Former U.S. National Security Adviser Michael Flynn departs U.S. District Court, where he was expected to plead guilty to lying to the FBI about his contacts with Russia’s ambassador to the United States, in Washington, U.S., December 1, 2017.
Jonathan Ernst | Reuters
The top federal prosecutor in Washington, D.C. — who recently signed court filings that benefited felons who are allies of President Donald Trump — will become acting boss of the Drug Enforcement Administration, according to an NBC News report that cited senior law enforcement officials.
Tim Shea, the interim U.S. attorney for the District of Columbia, is set to be replaced by Justin Herdman, the U.S. Attorney for the Northern District of Ohio, according to an announcement Monday by Trump of Herdman’s planned nomination.
The president did not say whether Shea would be taking the DEA job.
However, according to senior law enforcement officials who spoke to NBC News, Shea will replace acting DEA Administrator Uttam Dhillon. Dhillon will take a high-level Justice Department post, the officials also told NBC. Dhillon has served as the DEA’s acting administrator since July 2018.
The White House declined to comment on NBC’s report. A Justice Department spokeswoman didn’t immediately respond to a request for comment.
The U.S. Attorney’s Office for the District of Columbia is one of the most prominent federal prosecutor posts in the United States. The office often handles politically sensitive cases and other high-profile matters because of its jurisdiction, which is home to the seats of the federal government.
Shea is a former top advisor to Attorney General William Barr. He has been in the interim D.C. prosecutor’s job only since late January. Less than two weeks after taking that post, Shea sparked controversy by overruling prosecutors in the case of Trump friend Roger Stone.
Shea, in a court filing, recommended a lower criminal sentence for the longtime Republican operative Stone than the one that had been first suggested by the case’s trial prosecutors, who had asked that he be sent to prison for up to nine years. Shea’s reversal of the recommendation, which was highly unusual, if not unprecedented, came after Trump criticized the call for a stiff prison sentence for Stone.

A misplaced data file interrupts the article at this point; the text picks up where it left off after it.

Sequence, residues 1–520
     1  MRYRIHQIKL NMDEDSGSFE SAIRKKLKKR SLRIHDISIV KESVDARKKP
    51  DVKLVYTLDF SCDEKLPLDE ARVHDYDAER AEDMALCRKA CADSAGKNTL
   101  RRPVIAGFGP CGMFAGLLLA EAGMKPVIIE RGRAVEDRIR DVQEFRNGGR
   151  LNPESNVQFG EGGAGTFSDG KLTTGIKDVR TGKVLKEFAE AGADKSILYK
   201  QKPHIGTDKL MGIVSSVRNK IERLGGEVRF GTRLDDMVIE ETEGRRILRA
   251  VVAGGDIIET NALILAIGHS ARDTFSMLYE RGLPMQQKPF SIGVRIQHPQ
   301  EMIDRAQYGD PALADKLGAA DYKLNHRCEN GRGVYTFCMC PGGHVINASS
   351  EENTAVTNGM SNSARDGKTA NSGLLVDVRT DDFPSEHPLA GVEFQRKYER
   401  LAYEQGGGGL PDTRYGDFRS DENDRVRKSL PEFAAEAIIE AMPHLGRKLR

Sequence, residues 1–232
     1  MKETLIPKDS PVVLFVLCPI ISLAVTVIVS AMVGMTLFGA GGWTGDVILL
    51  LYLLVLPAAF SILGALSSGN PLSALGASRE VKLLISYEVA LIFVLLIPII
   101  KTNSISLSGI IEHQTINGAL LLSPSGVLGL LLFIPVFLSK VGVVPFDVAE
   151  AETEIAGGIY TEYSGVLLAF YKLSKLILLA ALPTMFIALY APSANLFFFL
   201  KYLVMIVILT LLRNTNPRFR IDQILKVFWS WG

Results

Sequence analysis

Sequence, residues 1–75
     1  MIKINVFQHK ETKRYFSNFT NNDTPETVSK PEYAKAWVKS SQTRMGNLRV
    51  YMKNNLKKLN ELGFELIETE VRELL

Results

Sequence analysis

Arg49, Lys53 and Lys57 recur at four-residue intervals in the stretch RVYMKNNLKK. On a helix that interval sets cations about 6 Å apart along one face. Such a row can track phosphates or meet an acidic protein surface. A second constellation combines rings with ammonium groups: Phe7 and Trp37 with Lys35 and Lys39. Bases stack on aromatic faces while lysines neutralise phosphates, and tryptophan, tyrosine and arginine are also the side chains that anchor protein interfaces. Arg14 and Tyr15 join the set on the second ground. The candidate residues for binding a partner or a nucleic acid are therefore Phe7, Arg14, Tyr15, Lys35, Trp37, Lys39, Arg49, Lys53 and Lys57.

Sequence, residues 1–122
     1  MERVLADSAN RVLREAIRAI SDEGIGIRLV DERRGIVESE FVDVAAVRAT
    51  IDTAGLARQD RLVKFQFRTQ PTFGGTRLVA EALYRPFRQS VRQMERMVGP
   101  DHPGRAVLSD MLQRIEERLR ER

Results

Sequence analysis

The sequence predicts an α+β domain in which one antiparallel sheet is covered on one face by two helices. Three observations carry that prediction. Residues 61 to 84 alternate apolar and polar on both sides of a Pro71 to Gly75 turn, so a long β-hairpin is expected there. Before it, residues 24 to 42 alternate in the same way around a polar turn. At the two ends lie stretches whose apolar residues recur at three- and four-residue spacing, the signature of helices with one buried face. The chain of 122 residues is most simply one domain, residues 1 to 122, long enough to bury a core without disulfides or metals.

Roger Stone, former adviser to U.S. President Donald Trump, arrives at the E. Barrett Prettyman United States Court House on April 30, 2019 in Washington, DC.
Mark Wilson | Getty Images
All four trial prosecutors quit the case in apparent protest of Shea’s move, and one of them resigned outright from the Justice Department.
Stone, who was convicted of lying to Congress and of witness tampering, ended up being sentenced to 40 months in prison. But he remains free pending his appeal.
Shea on May 7 signed a court filing asking a judge to agree to dismiss the prosecution of Michael Flynn, who briefly served as Trump’s first national security advisor. Flynn, who had twice pleaded guilty to lying to FBI agents about his discussions with a Russian diplomat, was awaiting sentencing at the time of Shea’s move.
Shea in his filing seeking dismissal argued that the FBI’s interview of Flynn was not justified by a counterintelligence investigation, and that his lies about what he said to a Russian diplomat were not “material” to that probe.
The decision to request a dismissal had been approved by Barr but generated a storm of criticism by former Justice Department officials.
Trump has criticized the prosecutions of both Stone and Flynn.
The judge in Flynn’s case, Emmet Sullivan, so far has not acted on Shea’s unusual request to drop the prosecution, which was not signed by any of the prosecutors directly involved in the case.
Sullivan instead has asked a former federal judge, John Gleeson, to provide him with arguments opposing the request to dismiss the case. Gleeson also has been asked by Sullivan to evaluate whether Flynn lied under oath when he admitted his guilt and whether the retired Army lieutenant general should be held in criminal contempt for perjury because of that.
Jonathan Kravis, the federal prosecutor who resigned from the Justice Department because of being overruled by Shea in Stone’s case, wrote in The Washington Post last week that in both Stone’s and Flynn’s cases “the department undercut the work of career employees to protect an ally of the president, an abdication of the commitment to equal justice under the law.”
“Prosecutors must make decisions based on facts and law, not on the defendant’s political connections,” Kravis wrote.
“When the department takes steps that it would never take in any other case to protect an ally of the president, it betrays this principle.”